Trevor Ivory, planning partner at DLA Piper commented: "It is good to see that increasingly the building of new homes remains at the heart of Government policy. While this Government's reforms to the planning system have begun to address some of the barriers to delivery, many in the industry have long argued that much more public investment is needed if we are to achieve the numbers of new homes the country needs and so today's announcement will be widely welcomed. The focus on providing affordable housing to buy rather than rent reflects the Prime Minister's comments in his speech to the Conservative Party conference a few weeks ago and is a fundamental change from the more traditional focus on affordable rented housing. It is likely to cause real issues for housing associations and also leaves the Government open to the charge that it is not doing enough to help those for whom buying a home is out of reach, even with support. Further clarity is needed on how Starter Homes will relate to other forms of affordable housing provision. The inclusion of a legal requirement to provide Starter Homes in the Housing and Planning Bill has created a great deal of uncertainty about what this means for other forms of affordable housing that only have policy rather than legal support. The Government needs to be much clearer about whether it wants Starter Homes provided in place of other forms of affordable housing or as an additional requirement on house builders. If it is the former then housing charities and local authorities will cry foul. If it is the latter then the initiative risks jeopardising the viability of development at a time when the market is only just recovering in many parts of the country."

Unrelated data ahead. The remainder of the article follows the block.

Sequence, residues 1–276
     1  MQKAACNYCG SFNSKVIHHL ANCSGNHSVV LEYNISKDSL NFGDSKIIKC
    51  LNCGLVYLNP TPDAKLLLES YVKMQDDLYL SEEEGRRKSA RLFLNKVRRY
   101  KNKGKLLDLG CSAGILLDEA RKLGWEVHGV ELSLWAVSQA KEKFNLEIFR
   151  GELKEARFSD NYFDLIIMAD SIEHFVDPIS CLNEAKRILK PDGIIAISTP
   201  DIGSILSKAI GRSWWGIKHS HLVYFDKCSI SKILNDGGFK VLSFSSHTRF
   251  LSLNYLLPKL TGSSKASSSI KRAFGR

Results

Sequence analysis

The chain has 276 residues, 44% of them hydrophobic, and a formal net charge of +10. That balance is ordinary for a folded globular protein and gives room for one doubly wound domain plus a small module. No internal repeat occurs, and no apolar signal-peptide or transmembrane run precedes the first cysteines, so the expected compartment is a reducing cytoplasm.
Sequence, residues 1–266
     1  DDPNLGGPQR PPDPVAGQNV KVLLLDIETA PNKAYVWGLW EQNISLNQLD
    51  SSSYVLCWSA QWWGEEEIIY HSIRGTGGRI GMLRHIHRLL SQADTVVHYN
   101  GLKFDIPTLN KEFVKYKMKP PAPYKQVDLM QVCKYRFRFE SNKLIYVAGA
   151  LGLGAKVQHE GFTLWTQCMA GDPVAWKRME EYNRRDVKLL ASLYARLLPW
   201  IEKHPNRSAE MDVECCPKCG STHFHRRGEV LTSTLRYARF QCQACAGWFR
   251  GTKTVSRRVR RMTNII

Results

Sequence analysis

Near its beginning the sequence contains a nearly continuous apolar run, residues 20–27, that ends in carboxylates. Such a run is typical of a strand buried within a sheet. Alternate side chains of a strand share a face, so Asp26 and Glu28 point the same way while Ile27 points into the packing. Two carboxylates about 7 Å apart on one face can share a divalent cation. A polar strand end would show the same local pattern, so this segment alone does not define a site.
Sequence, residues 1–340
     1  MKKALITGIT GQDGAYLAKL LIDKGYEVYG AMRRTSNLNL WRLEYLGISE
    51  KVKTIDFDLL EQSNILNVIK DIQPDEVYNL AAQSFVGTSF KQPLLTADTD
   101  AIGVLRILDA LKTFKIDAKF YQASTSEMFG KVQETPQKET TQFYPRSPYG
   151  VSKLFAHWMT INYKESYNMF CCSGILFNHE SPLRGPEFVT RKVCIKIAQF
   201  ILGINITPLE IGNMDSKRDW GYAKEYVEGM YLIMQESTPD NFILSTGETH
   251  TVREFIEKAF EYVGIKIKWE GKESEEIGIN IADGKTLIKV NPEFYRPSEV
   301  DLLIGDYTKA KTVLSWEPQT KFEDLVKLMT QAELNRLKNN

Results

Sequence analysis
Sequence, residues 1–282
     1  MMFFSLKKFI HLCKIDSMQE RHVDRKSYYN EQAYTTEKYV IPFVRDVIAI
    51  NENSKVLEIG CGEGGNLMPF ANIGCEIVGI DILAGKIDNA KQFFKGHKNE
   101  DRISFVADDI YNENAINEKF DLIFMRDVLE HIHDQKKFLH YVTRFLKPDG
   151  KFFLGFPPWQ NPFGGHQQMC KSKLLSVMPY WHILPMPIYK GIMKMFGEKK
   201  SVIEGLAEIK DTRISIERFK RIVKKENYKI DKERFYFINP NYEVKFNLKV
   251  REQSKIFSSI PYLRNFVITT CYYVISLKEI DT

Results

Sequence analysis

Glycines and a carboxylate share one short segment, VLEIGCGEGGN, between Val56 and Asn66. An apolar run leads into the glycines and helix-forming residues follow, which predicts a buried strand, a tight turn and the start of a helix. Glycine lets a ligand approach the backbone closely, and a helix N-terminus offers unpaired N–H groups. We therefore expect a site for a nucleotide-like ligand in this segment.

Jonathan Northey, real estate partner at DLA Piper, commented: "The Chancellor's commitment to promote measures to tackle the UK's housing crisis is positive and any assistance to substantially increase supply is to be welcomed. This announcement has finally shown how the Government proposes to make a large difference to the market and it will be very interesting to assess the details behind the headlines. One initial concern is how the 400,000 homes are to be procured. Any developer will tell you at the moment that the capacity in the construction market simply isn't there. So this injection of starter homes can only increase this problem. The changes may attract new entrants from outside the UK, but this takes time and will only solve part of the issue. There is a risk that these measures could drive up already high land prices and make development even more costly in the long-term. Unless the starter homes initiative is accompanied by measures to assist supply, such as a much needed review of the green belt and a big further influx of public land then there just doesn't seem to be the space to put these homes on the existing land available."